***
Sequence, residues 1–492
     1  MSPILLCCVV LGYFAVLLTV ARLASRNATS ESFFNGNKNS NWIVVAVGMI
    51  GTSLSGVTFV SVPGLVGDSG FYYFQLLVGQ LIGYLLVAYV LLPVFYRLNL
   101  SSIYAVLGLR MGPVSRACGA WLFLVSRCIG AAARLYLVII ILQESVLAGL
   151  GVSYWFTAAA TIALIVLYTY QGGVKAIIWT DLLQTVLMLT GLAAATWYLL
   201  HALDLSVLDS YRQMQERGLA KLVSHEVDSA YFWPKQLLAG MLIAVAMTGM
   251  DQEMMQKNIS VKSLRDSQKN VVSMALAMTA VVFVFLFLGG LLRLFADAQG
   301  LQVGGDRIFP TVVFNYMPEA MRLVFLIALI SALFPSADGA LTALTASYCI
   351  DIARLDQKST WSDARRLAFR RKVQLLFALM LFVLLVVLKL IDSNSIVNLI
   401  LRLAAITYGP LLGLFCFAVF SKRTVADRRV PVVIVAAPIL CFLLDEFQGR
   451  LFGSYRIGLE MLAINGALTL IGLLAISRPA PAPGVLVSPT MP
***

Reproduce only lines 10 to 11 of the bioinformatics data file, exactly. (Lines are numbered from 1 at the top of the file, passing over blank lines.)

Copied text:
   401  LRLAAITYGP LLGLFCFAVF SKRTVADRRV PVVIVAAPIL CFLLDEFQGR
   451  LFGSYRIGLE MLAINGALTL IGLLAISRPA PAPGVLVSPT MP